• There is a possibility of a short to medium term increase in unemployment rates due to COVID-19. The last such period of increased unemployment was during the 2008 financial crisis and companies could consider evaluating their lapse/persistency experience during that period vs. the preceding and subsequent periods. However, considering the pandemic nature of COVID-19, insureds may want to maintain their insurance coverage as there is more immediate potential benefit compared to the circumstances in 2008. This may temper lapses. Additionally, the impact of economic conditions and increased unemployment rates may vary by policy size and by product type.
  • Lapsation impacts related to COVID-19 may differ by age. Older insureds have heightened mortality risk and may opt to maintain coverage. Conversely younger insureds may, if under financial pressure, opt to cancel coverage as the COVID-19 impacts to younger ages has not been as large. A compounding effect is that any economic impacts of COVID-19 may also vary by age.
  • For renewable term and other life insurance products – there may be additional anti-selection against insurers as more unhealthy insureds retain coverage.
  • For universal life contracts – fund balances are affected by fund returns as well as policyholder deposits and withdrawals. Some impacts may have already been realized (e.g., poor fund returns) but other impacts may not yet have been experienced (e.g., projected premiums or withdrawals may be impacted by their economic circumstances).  The impact on policy behaviours might be reflected through the following:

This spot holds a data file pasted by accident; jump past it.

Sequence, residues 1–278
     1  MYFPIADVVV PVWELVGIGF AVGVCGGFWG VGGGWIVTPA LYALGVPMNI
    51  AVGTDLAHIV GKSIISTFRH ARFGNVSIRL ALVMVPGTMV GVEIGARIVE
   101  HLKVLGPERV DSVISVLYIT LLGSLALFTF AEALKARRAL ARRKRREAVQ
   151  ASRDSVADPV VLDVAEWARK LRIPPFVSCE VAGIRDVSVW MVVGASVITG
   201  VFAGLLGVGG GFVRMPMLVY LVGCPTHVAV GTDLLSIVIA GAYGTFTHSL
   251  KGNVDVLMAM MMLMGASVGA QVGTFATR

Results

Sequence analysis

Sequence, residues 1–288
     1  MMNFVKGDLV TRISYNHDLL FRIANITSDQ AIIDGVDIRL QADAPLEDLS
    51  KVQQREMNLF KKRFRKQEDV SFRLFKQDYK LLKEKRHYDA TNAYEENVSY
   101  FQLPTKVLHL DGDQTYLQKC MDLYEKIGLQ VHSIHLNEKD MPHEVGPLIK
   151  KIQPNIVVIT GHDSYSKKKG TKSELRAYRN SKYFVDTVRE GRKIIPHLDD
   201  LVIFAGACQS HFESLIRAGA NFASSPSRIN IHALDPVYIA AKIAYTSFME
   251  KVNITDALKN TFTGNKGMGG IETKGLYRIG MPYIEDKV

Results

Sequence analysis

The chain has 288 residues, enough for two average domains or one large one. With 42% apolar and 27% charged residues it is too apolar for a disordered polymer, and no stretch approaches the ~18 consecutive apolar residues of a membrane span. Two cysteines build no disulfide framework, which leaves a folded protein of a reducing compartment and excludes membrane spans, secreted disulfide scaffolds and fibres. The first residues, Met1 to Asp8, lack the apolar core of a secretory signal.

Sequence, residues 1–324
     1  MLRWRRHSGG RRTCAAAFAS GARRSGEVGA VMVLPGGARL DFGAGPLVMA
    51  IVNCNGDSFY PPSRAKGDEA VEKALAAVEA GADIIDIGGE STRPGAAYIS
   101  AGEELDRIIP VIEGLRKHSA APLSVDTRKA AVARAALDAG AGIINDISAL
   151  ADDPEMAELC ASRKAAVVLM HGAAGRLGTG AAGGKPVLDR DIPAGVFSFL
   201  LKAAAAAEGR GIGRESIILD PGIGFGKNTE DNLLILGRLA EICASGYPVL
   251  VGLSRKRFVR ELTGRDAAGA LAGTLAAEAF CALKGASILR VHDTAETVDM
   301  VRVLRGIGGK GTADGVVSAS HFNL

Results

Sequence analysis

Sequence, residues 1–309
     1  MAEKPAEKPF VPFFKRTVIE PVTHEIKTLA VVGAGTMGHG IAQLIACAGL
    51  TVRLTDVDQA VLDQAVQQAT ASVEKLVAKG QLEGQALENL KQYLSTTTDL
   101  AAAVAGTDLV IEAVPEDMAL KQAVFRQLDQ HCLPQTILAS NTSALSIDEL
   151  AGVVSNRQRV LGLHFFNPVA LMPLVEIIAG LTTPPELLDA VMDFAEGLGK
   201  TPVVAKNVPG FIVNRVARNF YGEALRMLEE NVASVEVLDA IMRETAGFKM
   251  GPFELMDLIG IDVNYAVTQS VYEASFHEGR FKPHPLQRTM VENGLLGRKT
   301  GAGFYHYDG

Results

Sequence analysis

• Higher lapses which may not be observed until later periods through the fund exhaustion mechanism. The impact of fund exhaustion depends on the extent that policyholders expect fund values to be a source of funding for future cost of insurance charges. 
    • Fund transfers to “safer” investments options especially those with minimum guarantees. Actuaries would monitor exposures to these minimum interest guarantees.

The actuary is reminded of Section 4.3–4.5 of the Valuation of Universal Life Policy Liabilities educational note that discuss policy lapse, transfer of funds, expected premiums, and partial withdrawal assumptions.

  • Policies that include cash surrender values (CSV) likely offer policy loans. Policy loans are often the first non-forfeiture option utilized in order to prevent policy lapsation. However, increased policy loans may lead to increased future lapses if the policy loan balance surpasses the CSV.
  • For segregated fund contracts – the utilization of dynamic lapse functions is a common practice within the industry. These functions are usually comprised of a base lapse assumption and a dynamic (in the moneyness) assumption. These functions typically reduce lapse rates as the guarantees become more in-the-money. For these products, insurers would consider the appropriateness of these base lapse assumptions and related margins. The current environment poses a test to these dynamic lapse functions; however, the ‘dynamic’ portion can only be assessed relative to the appropriate base lapse assumption. The actuary is reminded of Section 7 of the Considerations in the Valuation of Segregated Fund Products educational note when considering changes to best estimate assumptions versus MfADs.